The Time & Attendance Solution for US Customs & Border Protection Employees

It’s official. I’m a time and attendance nerd. I came to this realization the other morning when I heard the story “Overtime System At Customs and Border Protection Investigated” on NPR during my daily commute.

According to the investigation, whistleblowers are saying that Customs and Border Protectionemployees are misusing an overtime program known as Administratively Uncontrolled Overtime (or AUO).  AUO was established by Congress in 1966, and according to the Department of Homeland Security, AUO is “a payment mechanism that allows the compensation of certain employees for irregular, unscheduled, but necessary overtime.” The law states that the employee has to be in a position in which his or her hours cannot be controlled administratively, and the employee’s job must require large amounts of irregular overtime work. In addition, the law supports employees who have to be responsible for recognizing the circumstances that would require an individual to remain on duty and access AUO.

It’s an interesting story, and it’s worth a listen when you have a few minutes, particularly the statements employees are making about the compensation they were promised when they originally accepted their jobs (and how much of that compensation was pre-determined as being AUO). But I’d like to get back to my original point which was that I’m a time and attendance nerd.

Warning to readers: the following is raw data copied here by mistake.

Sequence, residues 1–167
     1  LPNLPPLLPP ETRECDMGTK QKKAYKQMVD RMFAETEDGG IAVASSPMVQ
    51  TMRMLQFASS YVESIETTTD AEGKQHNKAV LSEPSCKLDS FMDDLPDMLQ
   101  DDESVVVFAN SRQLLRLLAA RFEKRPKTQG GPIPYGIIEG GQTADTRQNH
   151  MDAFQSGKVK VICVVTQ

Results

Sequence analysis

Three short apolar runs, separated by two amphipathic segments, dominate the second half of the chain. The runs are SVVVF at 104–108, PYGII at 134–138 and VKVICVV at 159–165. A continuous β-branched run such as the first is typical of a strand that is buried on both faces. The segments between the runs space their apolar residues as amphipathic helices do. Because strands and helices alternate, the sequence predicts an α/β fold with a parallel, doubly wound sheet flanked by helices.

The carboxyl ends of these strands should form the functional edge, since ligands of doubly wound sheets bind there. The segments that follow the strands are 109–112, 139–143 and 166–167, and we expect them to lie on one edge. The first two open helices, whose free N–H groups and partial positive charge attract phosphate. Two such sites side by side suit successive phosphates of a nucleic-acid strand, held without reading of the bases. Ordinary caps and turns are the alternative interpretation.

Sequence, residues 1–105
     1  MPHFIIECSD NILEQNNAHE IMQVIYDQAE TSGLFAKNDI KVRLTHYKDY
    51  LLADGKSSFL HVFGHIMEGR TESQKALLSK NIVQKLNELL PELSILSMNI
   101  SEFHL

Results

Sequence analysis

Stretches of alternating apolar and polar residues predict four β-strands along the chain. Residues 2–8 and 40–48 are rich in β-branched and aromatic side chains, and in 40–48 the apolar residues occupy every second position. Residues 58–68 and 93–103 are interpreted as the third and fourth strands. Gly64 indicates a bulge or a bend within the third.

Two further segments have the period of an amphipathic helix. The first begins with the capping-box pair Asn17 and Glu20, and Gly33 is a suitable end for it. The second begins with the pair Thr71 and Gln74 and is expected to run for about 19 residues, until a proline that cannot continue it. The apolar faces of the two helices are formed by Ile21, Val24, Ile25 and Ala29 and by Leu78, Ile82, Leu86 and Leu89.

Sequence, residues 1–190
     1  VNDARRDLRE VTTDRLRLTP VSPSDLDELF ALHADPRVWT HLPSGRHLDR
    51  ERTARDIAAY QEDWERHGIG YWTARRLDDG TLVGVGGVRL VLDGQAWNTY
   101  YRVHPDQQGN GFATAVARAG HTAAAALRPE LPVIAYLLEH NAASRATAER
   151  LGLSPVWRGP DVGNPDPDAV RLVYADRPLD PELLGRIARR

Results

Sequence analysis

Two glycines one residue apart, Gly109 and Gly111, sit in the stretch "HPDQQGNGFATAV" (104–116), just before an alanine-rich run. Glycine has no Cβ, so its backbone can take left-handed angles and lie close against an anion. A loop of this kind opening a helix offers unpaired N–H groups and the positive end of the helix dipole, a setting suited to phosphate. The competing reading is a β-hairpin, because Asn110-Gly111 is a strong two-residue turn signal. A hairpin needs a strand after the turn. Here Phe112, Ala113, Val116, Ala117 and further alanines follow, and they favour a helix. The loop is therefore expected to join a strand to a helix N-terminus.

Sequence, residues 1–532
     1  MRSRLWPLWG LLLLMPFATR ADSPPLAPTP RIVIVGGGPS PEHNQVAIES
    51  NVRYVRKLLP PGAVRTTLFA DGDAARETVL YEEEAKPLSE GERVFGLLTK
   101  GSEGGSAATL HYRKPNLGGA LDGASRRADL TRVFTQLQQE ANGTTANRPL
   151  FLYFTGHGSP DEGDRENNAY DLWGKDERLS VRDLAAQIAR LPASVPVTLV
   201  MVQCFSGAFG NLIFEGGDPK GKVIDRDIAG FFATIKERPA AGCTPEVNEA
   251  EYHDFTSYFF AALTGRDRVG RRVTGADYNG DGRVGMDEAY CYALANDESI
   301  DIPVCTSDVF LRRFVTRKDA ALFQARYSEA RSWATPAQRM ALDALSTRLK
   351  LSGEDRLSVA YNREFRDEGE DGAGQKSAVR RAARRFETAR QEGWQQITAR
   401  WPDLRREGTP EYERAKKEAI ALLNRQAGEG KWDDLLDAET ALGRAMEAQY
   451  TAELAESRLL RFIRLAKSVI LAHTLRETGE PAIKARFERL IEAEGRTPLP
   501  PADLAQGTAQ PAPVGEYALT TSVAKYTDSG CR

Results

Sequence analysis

As I listened to both sides of the story, my mind was flooded with questions:

  • How are these employees tracking their time?
  • Who is approving the timecards?
  • Is anyone auditing CBP’s payroll process?
  • What mechanisms are in place to signify which employees qualify for AUO privileges?

I’m known for going into “fix-it mode,” and this moment was no exception. How simple could it have been for those AUO-eligible employees to be part of a labor level that would grant them access to such pay policies? With the technology of automated time and attendance, regular audits could be run by administrators to ensure that all overtime hours (and funds) were being allocated appropriately.

All month long, we’ve been talking about employee engagement and what automated and self-service HR systems can do to boost that employee engagement and ultimately help support organizations’ bottom lines. The whistleblowers at CBP spoke up, but after how many months or years of feeling like their co-workers were receiving unnecessary special benefits? Moving forward, how does an organization “make good” with all employees and foster a culture of trust?

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